Although the basic trio of onion, carrot, and celery is classically associated with the making of chicken stock, the truth is the only ingredient you really need is chicken bones. For the rest, you can delete or substitute at will to compose your own unique formula, using what you can spare from your vegetable drawer that day, or what’s stashed away in the stock box I recommend you keep in the freezer. And I take great joy in that improv moment when I plop the bones into the pot and start piling on the flavorings, plucking this thing or that from my stash and thinking about the balance of the ingredients.

If it also flexible in terms of timing. There is absolutely no obligation to make your stock as soon as you have bones available: you can just freeze the carcass and bones (break the spine in two so it will move around more easily in your pot) and get them out a few days, weeks, or months later. In fact, I like to wait until I have two chicken carcasses, to make the most of my stock-making time and get a more strongly flavored stock.


When cooked slowly and made with good ingredients — most important, the bones should be from a healthy animal, not a factory-farmed one — chicken stock is a nutrient-dense food that is thought to boost the immune system, reduce inflammation, and improve digestive health, among other benefits. And because it contains gelatin — when chilled, a well-made chicken stock should have the consistency of softly set jelly — it is also very good for your skin, teeth, hair, nails, and bones.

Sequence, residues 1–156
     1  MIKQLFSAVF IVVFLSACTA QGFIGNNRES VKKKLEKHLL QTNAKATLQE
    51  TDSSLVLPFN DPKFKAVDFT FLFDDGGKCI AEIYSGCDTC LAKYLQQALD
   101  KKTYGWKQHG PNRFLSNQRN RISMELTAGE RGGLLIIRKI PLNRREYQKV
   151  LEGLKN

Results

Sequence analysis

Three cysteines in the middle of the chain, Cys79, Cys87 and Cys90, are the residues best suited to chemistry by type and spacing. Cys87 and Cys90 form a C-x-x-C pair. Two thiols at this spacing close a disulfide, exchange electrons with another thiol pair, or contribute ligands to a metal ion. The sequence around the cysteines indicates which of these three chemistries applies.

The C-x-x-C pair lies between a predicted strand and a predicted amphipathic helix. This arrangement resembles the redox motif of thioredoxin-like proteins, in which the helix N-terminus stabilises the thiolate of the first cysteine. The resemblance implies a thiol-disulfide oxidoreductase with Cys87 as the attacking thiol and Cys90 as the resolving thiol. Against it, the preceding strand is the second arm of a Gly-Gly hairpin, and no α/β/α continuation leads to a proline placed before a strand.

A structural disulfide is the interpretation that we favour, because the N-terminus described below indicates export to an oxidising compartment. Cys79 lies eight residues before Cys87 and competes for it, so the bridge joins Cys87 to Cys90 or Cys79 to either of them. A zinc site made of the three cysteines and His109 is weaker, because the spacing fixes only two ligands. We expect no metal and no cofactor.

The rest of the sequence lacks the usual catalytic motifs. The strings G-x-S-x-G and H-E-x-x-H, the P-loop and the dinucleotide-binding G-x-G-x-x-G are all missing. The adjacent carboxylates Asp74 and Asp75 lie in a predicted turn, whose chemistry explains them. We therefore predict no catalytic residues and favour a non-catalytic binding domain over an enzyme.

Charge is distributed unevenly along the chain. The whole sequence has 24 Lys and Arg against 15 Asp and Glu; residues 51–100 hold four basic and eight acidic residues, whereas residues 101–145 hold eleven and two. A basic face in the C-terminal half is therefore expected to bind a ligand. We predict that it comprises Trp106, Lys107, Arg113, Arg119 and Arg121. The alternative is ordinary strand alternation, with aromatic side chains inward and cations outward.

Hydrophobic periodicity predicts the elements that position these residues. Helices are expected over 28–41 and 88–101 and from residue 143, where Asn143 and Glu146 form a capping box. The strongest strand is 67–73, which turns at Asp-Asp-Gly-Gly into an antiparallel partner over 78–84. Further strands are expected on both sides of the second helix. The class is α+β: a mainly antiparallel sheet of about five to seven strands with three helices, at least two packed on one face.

You can drink the stock as is, in a cup or bowl, with a scatter of snipped chives and possibly some tiny pasta shapes or Dauphiné ravioles (miniature cheese ravioli) you’ll have poached in it. You can also add a splash to deglaze the pan when you’re sautéing vegetables, and of course, it is a transformative base to use for your soups, risotti, curries, and other stews.

Join the conversation!

Do you make chicken stock or other kinds of stock as a habit? What’s your method like and how do you typically use the stock?

* Yes, I would actually do that, though discreetly, and not without a slight counter-cultural tremor.

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Black Sesame Panna Cotta

I have been enjoying Kaori Endo‘s food for years, from when she was cooking at Rose Bakery, to her charming book Une Japonaise à Paris (accessible, family-style Japanese cooking) and then to the opening of her wildly successful restaurant Nanashi*.

There she serves a short selection of dishes of Japanese inspiration, with three different bento-style meals — one with meat, one with fish, one vegetarian — that each feature a mix of whole grains, and three seasonal(ish) vegetable preparations combining the raw and the cooked.